All that to say consider the big picture not just academics when you make your decision.When he is gone....he will be gone and it will never be the same. It is what we have been preparing them for and we rejoice when the time comes just do not hurry it along.

 

Just my humble opinion.

  • Like 4

Share this post


Link to post
Share on other sites

I agree with Heather in VA. Applying to colleges should start in early fall. March is really too late in the game to apply and expect large scholarships. He would be far better off to retest and try to make at least a 32. (That is the typical low score for large full-tuition scholarships.

 

It is short sighted to consider only the dual enrollment costs. 4 years of college tuition will be a much larger expense. Applying to colleges with a stronger transcript and higher scores will make him more competitive for scholarship money and will be cheaper in the long run

Share this post


Link to post
Share on other sites

If he does any classes after high school, as in, you graduate him and he is an official college student, then he will no longer be applying to college as a freshman. He will no longer qualify for a freshman scholarship and his ACT score will not matter. He will have to earn 30 credits at the college level and apply as a transfer student. Some schools will take a freshman, as in, someone with less than 30 credits, so he could still go in as a freshman transfer and will still need the ACT score, but he likely will not be able to earn freshman scholarships. If he plans to go some place other than CC for after he is done with high school, as in, you just want CC for the one year, then he should do it as dual enrolled and apply to colleges as a freshman. There are exceptions to this advice, but this applies to most cases.

Share this post


Link to post
Share on other sites

Can he be a Freshman in college and a senior in high school at the same time just to get those last two credits in?  

 

No.

 

 

...Can he skip those last two credits or does he need to cram them in real quick?...

 

If he still needs those last two credits to meet admission requirements to the university, then NO, he can't just skip those last 2 credits.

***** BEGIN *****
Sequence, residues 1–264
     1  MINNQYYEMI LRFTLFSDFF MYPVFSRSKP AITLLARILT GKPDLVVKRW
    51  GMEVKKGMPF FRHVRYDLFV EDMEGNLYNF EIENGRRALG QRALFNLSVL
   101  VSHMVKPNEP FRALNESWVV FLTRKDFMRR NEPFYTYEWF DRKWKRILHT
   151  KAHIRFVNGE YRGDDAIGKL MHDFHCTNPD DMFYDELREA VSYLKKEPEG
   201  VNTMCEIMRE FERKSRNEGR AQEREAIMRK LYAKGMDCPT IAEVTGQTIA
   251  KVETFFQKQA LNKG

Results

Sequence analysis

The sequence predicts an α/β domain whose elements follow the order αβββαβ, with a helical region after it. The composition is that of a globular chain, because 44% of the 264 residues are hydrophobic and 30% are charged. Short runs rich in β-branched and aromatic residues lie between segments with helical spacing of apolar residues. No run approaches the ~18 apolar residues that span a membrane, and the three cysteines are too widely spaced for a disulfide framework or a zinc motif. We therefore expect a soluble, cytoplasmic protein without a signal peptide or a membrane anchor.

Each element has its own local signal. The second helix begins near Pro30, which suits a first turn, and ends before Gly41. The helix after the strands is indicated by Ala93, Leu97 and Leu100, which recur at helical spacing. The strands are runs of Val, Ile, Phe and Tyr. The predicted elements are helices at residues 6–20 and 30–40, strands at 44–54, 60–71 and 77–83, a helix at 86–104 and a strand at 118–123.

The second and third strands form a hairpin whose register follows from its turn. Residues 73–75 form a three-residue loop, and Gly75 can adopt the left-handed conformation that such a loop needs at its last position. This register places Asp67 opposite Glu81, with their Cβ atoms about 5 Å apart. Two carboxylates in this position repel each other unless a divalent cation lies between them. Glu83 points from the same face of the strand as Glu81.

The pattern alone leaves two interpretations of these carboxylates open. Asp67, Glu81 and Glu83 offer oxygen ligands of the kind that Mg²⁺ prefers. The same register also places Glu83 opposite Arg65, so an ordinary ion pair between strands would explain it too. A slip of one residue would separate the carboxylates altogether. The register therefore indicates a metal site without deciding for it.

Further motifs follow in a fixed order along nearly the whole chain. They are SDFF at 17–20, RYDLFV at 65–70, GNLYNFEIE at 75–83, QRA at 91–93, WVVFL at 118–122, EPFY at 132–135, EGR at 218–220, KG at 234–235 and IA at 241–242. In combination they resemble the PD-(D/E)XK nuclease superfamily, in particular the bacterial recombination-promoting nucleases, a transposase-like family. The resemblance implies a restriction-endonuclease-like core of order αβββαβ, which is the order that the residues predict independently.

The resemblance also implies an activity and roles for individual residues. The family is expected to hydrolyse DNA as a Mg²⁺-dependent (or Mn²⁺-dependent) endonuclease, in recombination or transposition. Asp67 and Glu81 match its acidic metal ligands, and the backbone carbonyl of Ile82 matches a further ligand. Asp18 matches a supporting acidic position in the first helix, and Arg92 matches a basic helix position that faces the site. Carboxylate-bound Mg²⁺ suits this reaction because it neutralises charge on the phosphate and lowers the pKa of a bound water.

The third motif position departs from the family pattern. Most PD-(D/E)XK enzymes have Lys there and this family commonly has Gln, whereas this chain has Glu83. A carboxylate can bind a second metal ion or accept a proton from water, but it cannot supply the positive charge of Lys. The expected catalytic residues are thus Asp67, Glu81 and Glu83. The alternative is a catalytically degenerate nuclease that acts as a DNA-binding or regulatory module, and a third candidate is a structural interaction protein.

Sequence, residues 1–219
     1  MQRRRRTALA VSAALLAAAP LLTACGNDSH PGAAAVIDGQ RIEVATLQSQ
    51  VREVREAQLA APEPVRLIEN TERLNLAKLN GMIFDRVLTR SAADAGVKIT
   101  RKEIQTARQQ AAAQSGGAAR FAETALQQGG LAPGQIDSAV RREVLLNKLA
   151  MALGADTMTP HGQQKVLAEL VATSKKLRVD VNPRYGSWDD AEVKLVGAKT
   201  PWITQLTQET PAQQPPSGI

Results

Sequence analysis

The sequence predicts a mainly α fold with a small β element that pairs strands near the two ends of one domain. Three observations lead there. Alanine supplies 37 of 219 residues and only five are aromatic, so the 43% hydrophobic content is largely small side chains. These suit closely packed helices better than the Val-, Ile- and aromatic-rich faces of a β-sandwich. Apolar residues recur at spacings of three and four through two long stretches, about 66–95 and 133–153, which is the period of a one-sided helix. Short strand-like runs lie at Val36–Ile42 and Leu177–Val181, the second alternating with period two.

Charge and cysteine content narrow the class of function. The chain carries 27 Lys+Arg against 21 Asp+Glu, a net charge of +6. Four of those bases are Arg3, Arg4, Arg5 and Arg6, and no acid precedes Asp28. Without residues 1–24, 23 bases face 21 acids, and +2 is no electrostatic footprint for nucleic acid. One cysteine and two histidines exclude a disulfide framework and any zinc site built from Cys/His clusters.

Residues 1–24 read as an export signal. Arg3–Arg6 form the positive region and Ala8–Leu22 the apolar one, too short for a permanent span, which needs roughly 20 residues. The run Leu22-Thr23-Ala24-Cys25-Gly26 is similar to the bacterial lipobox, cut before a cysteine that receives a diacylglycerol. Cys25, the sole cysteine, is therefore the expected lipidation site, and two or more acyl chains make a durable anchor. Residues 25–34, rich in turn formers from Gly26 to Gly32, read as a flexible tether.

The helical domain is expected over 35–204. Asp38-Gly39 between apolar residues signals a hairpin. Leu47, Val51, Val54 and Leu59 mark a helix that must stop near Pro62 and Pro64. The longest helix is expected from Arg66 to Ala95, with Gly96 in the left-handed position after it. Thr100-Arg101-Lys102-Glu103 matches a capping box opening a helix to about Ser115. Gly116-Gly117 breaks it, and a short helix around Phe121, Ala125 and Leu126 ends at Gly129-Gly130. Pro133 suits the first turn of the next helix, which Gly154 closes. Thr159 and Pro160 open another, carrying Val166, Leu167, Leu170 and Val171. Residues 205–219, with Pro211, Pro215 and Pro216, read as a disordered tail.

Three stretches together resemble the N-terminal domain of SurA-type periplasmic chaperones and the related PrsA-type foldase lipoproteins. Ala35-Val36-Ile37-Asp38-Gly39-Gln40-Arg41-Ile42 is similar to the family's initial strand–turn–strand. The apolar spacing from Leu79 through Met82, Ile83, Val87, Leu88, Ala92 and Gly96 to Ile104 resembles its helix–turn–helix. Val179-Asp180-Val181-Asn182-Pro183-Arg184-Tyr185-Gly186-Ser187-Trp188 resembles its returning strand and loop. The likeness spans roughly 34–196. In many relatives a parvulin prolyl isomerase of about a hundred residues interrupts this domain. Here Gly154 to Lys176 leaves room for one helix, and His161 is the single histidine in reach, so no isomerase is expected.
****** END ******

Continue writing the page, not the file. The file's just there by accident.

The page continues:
The only way I see cramming them in real quick is either through 2 summer school courses (probably at the community college -- and they may not offer what he needs.  Or, this summer, DS could study and take CLEP tests (if in a subject area that has CLEP). The courses would have to be placed on the transcript that you would submit now and listed as "to be completed in summer".

 

And you MUST WAIT and award the high school diploma AFTER completion of those credits so that they are still done as a high school student. ANY classes taken after high school graduation/receipt of the diploma are automatically taken as a college student, which means your son would no longer be considered a freshman, but would be considered a transfer student. Most scholarships, and esp. larger amounts and renewable scholarships, are awarded to freshmen -- there is far less merit aid for transfer students.

 

 

… I am wondering now if there is a way for me to graduate him early and go ahead and enroll him in college for Fall 2016...

 

The admission process itself usually takes you several weeks. And even if you were "lucky" and the university has a later admission deadline of March 1 or March 15, that is not going to leave you enough time to get in everything you need to do. Worse, DS would have to go with the current ACT score of 25, and would not have time to re-take the the ACT to try and bring up that score.

 

Just so you know what is involved in applying to a university in the way of submission of paperwork:

- official copy of every transcript (your homeschool transcript, plus any from any classes taken with a high school, or with dual enrollment at a community college / university)

- the application to the college, with payment of the deposit

- application for student housing, with payment of deposit

- letters of recommendation (if required)

- student essay (if required)

- student immunization records

- student health coverage (if covered under parents' plan), or application for campus health plan and payment of fee

- application for registering student car and parking permit fee (if any car)

- completion of 2015 tax return in order to fill out FAFSA, and possibly the CSS

- register at FAFSA and complete the FAFSA form for applying for financial aid

- register with CSS and complete the more in-depth financial form for applying for financial aid (if required by the school)

 

 

My oldest son is finishing up his Junior year in high school.  He is absolutely beyond me now and ready for college.  Next year, his Senior year, we had planned to do dual enrollment.  However, he only has 2 classes left for high school and he already has a 25 on the ACT and is taking it again in April hoping to raise at least to a 29 or 30.  He is doing an intensive practice to achieve this goal and I am confident that he will...